Rearrangeable Rainbow Blocks
Judy Chicago. Copyright Frieze London.

LONDON - Having already set a high precedent last year, Clare Lilley’s second year as curator of the Sculpture Park for Frieze Art Fair left little room for disappointment. Combining works from both Frieze London and Frieze Masters for the first time, Regent’s Park played host to an inspiring amalgamation of sculptures, where work by acclaimed modern and contemporary sculptors sat alongside historical pieces. As one of the largest presentations of sculpture to date at Frieze, I was honoured to gain an insight into Lilley’s curatorial vision on a guided tour of the park itself.

During recent years Elmgreen and Dragset, the dynamic Scandinavian duo, have gained critical acclaim for their subversive artworks and installations. Having been awarded a fourth plinth commission, an exhibition at the V&A and their very own space in the Galerie Perrotin section of Frieze London, it was only natural that Lilley chose one of their works to grace the park. But I’m on the Guest List Too! examines the hierarchy of values and meritocracy established by today’s elitist culture. Elmgreen and Dragset’s piece blurs the line between welcome and exclusion, an intriguing contradiction in point when placed in the free Regent’s Park within a ticketed event.

Wind Sculpture 1
Yinka Shonibare. Copyright Frieze London.

Having followed Judy Chicago’s work closely throughout my studies and career, it was to my utmost surprise that she accompanied us on the tour led by Lilley. Rearrangeable Rainbow Blocks yet again rings true within her feminist rhetoric, by which each freshly-painted aluminium block is designed to be ‘re-arranged’ however and whenever one pleases in order to accommodate the needs of a male counterpart.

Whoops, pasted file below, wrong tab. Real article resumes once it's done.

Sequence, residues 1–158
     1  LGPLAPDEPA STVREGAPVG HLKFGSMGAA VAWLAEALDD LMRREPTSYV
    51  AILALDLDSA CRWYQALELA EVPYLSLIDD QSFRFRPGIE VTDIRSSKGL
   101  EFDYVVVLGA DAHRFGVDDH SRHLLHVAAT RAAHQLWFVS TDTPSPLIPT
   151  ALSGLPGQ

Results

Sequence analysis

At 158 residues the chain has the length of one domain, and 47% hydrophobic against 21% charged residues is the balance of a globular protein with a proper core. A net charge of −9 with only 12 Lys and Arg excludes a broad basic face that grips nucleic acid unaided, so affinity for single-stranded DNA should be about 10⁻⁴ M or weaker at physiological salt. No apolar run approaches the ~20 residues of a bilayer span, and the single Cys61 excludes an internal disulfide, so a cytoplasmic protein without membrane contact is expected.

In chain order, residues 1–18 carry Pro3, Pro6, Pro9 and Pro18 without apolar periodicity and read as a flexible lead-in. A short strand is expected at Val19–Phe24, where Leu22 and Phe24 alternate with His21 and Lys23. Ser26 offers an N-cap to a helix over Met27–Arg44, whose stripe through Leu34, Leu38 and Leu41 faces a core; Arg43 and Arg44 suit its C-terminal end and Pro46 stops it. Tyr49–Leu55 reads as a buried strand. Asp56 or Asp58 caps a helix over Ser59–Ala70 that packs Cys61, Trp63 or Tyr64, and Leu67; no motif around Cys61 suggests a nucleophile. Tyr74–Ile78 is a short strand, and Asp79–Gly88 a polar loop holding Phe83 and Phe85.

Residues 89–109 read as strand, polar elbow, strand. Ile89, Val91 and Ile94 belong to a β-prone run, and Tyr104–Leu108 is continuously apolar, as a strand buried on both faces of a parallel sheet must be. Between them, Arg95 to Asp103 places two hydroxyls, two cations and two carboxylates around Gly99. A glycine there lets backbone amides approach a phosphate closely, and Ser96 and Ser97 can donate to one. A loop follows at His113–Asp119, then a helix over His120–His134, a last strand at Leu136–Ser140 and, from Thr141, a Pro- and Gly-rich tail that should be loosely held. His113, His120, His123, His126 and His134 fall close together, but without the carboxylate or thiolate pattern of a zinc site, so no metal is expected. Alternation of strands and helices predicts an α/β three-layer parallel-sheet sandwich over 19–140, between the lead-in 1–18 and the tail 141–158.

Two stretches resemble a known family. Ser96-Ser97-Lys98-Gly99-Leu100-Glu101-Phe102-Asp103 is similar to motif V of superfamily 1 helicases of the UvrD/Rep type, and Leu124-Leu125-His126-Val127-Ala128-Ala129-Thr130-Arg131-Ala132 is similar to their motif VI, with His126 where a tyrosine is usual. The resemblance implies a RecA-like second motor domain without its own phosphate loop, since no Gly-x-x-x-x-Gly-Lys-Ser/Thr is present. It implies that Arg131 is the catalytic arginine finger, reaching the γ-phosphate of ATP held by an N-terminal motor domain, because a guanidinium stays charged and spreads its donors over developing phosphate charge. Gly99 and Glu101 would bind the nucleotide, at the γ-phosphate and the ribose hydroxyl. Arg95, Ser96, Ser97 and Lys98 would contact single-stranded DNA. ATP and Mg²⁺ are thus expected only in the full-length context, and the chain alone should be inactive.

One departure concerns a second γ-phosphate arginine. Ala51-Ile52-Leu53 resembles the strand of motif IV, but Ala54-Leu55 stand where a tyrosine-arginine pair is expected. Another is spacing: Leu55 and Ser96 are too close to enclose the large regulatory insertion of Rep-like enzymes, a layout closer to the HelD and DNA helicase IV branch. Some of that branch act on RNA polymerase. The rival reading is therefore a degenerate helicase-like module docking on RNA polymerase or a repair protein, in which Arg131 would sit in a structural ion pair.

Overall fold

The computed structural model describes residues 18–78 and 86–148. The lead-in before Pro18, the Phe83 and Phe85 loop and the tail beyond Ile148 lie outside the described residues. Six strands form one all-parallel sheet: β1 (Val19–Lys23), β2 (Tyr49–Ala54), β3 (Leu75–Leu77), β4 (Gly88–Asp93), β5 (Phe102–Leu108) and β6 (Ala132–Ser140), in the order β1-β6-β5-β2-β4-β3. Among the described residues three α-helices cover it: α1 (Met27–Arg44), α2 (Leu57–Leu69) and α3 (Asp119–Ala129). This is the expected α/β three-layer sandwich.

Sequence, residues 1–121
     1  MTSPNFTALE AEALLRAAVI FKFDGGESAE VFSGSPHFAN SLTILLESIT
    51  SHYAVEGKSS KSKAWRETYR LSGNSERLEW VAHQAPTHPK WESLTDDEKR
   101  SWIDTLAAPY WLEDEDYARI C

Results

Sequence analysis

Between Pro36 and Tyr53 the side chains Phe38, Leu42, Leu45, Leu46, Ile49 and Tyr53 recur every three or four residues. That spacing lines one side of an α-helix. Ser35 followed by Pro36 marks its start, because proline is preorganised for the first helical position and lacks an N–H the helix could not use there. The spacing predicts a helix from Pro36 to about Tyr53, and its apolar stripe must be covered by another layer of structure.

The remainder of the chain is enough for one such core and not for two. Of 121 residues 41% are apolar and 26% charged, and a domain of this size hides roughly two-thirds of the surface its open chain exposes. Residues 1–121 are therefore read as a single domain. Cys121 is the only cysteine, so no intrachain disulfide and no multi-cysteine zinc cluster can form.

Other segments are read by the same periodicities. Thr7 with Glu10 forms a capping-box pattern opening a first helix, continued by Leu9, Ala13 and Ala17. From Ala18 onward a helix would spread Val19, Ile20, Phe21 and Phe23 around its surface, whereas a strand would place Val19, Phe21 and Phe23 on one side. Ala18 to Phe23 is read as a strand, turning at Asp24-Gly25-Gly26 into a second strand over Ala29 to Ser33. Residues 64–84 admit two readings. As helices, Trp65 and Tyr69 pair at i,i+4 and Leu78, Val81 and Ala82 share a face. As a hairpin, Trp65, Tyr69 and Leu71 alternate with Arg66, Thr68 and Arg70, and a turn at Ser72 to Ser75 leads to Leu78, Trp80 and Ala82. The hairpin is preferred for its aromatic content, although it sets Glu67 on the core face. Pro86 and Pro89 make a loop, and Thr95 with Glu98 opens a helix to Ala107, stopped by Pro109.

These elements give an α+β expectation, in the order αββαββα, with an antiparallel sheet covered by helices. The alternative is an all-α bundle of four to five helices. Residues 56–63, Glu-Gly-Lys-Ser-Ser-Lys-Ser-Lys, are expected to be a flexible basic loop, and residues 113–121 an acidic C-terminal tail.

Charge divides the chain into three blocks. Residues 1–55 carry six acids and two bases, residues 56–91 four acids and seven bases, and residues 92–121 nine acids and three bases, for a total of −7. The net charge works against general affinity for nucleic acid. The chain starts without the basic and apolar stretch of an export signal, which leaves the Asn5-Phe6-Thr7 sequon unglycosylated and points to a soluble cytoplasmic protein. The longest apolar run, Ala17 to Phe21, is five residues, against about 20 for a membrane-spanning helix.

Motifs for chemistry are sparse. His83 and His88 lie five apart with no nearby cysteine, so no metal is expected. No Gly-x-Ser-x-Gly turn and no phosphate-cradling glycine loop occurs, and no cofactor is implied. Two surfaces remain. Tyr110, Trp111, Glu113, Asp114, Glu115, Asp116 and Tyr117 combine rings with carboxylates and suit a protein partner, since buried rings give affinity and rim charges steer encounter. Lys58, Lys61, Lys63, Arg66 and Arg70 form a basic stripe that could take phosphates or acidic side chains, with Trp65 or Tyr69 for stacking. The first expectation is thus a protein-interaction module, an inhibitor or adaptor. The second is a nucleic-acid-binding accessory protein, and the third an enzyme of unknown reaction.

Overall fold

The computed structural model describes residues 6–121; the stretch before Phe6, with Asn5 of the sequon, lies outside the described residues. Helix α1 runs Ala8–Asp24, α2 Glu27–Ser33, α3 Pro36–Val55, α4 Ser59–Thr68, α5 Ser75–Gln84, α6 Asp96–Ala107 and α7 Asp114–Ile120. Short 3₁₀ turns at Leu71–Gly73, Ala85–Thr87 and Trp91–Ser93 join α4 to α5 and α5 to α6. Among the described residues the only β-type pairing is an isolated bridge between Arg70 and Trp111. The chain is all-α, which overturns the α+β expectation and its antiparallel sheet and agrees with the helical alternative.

But I’m on the Guest List Too!
Elmgreen and Dragset. Copyright Frieze London.

Another surprise visit during the tour was Yinka Shonibare who came to share some of his thoughts on his Wind Sculpture 1. A beautiful and majestic sculpture meant to mimic the wind, this monumental work is covered in paint to resemble the Dutch-produced batik cloth that became popular within African markets. Inspired by these fabrics, Shonibare has incorporated these designs into much of his work.

With this being the second year of Frieze Masters, which aims to present a unique perspective on the dialogue between ancient and modern art, Lilley has certainly achieved an intergenerational standpoint of artists working with sculpture today.